Skip to main content

The Nio Card is here to help you spend your Bitcoin fortunes

Nio Card
Image used with permission by copyright holder

Smart cards seem to have risen in popularity recently, with the announcement of the well-received Coin card earlier this month being one of the most recent to catch our interest. It’s not the only thing rising either, as the Bitcoin digital currency has also rocketed in value, so it makes sense for someone to bring the two together. Bluenio’s Nio Card is looking for crowd-funding success on Kickstarter at the moment, and will help all those new Bitcoin millionaires spend their fortunes.

The headline feature of the Nio Card is its ability to transfer Bitcoin payments using NFC. A tap of the card against an NFC-enabled smartphone is enough to send or receive BitCoins, and for added security, no transactions are possible unless it’s connected to your smartphone via Bluetooth. No worries about it being stolen and the thief draining your Bitcoin account. As both the card and your phone are linked together, either one will sound an alarm should they drop out of range.

A suite of Nio-specific apps can be accessed on your phone, including ones which control the alert and remote location features, plus customizable reminders and a secure locker for personal information. A software development kit will be supplied to developers, so expect more apps to come in the future. Thanks to various sensors built into the Nio Card, it could potentially become a fitness tracker, or a key to open NFC-secured doors. 

In the future, Bluenio wants to sign-up Google Wallet and PayPal, expanding the wireless payments option beyond Bitcoin. However, if a retailer near you takes Bitcoin through a wireless terminal, there’s a good chance the Nio Card will work straight away.

The anodised metal card is 4mm thick and around the same size as a regular credit card, so it’ll fit in your wallet. It comes with 2GB of storage space for any data you’d like to securely store, and the battery should last for nine months before needing a recharge. The card costs $65 and is expected to launch in March next year. Whether your Bitcoins will still have any value at that time, remains to be seen.

Editors' Recommendations

Andy Boxall
Senior Mobile Writer
Andy is a Senior Writer at Digital Trends, where he concentrates on mobile technology, a subject he has written about for…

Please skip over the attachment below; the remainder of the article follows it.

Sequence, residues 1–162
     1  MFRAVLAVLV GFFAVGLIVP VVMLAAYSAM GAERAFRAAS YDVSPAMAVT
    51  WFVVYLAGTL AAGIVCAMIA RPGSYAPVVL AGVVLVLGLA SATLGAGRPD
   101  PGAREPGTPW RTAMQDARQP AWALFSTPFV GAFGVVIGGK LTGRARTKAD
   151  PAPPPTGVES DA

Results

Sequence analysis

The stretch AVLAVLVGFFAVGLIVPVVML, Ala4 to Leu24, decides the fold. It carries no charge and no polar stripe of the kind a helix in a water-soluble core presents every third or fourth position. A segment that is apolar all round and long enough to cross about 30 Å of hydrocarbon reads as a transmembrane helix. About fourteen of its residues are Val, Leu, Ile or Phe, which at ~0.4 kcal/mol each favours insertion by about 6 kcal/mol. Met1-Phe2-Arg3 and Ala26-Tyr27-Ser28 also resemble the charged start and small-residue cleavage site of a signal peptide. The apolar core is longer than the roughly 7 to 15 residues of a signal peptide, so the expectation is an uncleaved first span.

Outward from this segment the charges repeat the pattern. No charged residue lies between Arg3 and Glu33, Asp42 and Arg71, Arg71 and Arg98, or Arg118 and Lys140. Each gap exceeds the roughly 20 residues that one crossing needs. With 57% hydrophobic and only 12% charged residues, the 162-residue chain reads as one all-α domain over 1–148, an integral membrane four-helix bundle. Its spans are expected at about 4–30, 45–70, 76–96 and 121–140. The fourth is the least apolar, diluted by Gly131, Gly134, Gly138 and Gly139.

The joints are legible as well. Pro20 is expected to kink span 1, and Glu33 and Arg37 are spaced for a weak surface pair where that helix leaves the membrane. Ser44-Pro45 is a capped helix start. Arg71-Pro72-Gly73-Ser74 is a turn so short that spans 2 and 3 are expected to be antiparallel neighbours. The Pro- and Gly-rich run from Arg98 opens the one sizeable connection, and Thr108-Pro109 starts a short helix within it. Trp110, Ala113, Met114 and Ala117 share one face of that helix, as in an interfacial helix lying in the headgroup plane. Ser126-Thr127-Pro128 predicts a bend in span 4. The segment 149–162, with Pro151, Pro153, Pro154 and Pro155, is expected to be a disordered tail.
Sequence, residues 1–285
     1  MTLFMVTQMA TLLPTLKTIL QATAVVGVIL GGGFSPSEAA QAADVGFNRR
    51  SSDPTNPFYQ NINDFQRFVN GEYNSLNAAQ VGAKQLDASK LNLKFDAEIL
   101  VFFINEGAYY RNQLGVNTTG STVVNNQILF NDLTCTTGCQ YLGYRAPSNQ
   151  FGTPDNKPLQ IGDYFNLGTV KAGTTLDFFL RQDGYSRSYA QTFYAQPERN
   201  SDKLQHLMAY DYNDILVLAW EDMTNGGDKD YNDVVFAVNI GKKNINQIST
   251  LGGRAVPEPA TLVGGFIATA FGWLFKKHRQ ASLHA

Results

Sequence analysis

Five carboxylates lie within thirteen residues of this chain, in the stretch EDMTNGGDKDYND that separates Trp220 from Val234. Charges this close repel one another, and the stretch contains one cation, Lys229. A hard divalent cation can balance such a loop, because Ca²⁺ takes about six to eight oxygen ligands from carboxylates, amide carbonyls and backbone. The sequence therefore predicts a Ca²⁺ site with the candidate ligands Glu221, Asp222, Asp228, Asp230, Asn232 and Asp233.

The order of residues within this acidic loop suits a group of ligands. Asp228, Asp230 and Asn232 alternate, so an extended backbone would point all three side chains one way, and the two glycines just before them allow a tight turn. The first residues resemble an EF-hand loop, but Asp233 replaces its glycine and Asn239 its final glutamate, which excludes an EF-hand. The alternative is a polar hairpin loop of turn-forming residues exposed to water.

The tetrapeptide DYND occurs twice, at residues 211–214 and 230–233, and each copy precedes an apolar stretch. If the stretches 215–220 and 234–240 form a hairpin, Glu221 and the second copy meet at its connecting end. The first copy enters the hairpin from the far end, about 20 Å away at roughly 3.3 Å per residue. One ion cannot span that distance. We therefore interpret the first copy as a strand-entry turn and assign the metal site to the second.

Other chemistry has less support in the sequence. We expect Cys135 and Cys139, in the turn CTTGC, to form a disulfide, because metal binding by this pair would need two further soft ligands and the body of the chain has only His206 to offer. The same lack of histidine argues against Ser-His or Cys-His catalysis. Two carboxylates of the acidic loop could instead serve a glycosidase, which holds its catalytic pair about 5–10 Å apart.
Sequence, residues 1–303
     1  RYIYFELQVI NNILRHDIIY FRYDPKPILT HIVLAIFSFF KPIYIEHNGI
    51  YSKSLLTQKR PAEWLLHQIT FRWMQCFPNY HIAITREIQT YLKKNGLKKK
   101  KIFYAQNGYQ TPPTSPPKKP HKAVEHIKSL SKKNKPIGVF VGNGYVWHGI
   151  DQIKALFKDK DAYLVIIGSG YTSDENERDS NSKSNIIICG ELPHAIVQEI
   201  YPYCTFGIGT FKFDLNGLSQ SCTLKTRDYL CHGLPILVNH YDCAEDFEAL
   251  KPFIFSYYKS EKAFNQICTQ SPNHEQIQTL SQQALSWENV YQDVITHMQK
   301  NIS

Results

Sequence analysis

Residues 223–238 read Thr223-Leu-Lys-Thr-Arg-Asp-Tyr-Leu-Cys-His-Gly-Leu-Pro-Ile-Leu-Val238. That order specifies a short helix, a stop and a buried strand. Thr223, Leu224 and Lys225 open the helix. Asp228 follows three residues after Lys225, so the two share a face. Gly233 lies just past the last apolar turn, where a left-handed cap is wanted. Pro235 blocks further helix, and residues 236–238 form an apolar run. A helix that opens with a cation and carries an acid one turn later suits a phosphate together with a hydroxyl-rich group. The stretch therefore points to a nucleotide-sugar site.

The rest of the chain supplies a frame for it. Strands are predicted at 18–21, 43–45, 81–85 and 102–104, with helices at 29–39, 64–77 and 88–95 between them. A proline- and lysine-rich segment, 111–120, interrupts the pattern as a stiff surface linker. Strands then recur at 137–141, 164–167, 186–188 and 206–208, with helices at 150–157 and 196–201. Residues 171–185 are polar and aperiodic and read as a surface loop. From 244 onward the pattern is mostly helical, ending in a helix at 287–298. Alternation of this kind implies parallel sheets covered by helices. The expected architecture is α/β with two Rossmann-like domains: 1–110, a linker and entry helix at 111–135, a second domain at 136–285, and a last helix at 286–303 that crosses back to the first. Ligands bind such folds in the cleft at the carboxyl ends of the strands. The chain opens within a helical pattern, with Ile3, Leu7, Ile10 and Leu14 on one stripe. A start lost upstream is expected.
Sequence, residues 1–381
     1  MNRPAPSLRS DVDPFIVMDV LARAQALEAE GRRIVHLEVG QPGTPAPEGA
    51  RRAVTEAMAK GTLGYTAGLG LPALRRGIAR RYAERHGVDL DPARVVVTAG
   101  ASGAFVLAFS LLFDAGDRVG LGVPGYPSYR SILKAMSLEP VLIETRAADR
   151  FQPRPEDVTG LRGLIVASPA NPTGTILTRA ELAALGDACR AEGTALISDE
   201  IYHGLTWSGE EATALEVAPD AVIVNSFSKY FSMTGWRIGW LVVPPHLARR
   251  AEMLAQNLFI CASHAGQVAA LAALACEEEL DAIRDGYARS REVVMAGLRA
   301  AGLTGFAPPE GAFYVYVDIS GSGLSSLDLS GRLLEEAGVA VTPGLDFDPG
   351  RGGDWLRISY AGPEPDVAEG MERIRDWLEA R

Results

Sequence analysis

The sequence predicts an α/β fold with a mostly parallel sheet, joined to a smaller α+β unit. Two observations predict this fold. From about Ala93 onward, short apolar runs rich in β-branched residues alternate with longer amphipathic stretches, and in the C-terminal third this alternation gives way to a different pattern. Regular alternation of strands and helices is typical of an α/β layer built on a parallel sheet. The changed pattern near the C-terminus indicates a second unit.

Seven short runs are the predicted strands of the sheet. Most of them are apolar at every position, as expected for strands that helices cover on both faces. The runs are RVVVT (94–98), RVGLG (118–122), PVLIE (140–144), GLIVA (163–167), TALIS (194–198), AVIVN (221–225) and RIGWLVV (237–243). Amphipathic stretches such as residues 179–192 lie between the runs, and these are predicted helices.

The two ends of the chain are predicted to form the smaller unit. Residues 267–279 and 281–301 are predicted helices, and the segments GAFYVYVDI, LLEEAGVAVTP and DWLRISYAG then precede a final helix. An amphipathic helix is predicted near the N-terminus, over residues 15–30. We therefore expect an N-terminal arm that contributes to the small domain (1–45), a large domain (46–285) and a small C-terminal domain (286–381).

I compared two of the year’s best phones in an extreme camera test
The Apple iPhone 15 Pro Max and the Samsung Galaxy S23 Ultra's rear panels.

Apple iPhone 15 Pro Max (left) and the Samsung Galaxy S23 Ultra. Andy Boxall / Digital Trends

Apple versus Samsung is perhaps the ultimate battle in smartphones, and the iPhone 15 Pro Max and the Galaxy S23 Ultra are the two brand’s top devices. If you want one, you may have also looked at the other, and even if not, who doesn’t want to see a tough camera battle between these two heavyweights?

Read more
reMarkable 2 digital notebook just got a rare discount
A person using the reMarkable 2 to take notes.

The reMarkable 2, a tablet that mimics the feel of writing and reading on paper, is available from Best Buy right now with a rare $50 discount on a bundle that includes the Marker Plus writing instrument and the Book Folio case. Instead of $550, you'll only have to pay $500, which is still fairly expensive but it's very much worth it. We're not sure how much time is remaining on the offer though, so if you think this will be a better purchase than other tablet deals, you should push through with the transaction as soon as possible.

Why you should buy the reMarkable 2 paper tablet
The reMarkable 2, the successor to 2017's reMarkable, improves upon the premise of the original version of the tablet -- it's like a pen and paper with smart capabilities. There's no backlight or glare on the display of this device for an eye-friendly reading experience, much like reading from real paper, and there are no distractions so you can focus on your work. In comparison, using a stylus on a tablet feels unnatural because of the friction-less glass, while the bright screen will strain your eyes and the notifications from your apps will keep distracting you.

Read more
This strange accessory did something amazing to my iPad
Person working on iPad Pro with Xreal Air 2 connected.

Apple has been trying to sell the idea of using an iPad — the Pro model, specifically — as a legitimate computing machine for a while. It started with putting a Mac-borrowed M-series silicon inside the tablet, followed by bringing Stage Manager to the tablet.

Then came desktop-grade productivity apps like Final Cut Pro, Logic Pro, and Da Vinci Resolve, preceded by Microsoft 365 and Adobe’s editing tools. The ability to plug in an external monitor is also neat for a tablet, but that restricts you to a table.

Read more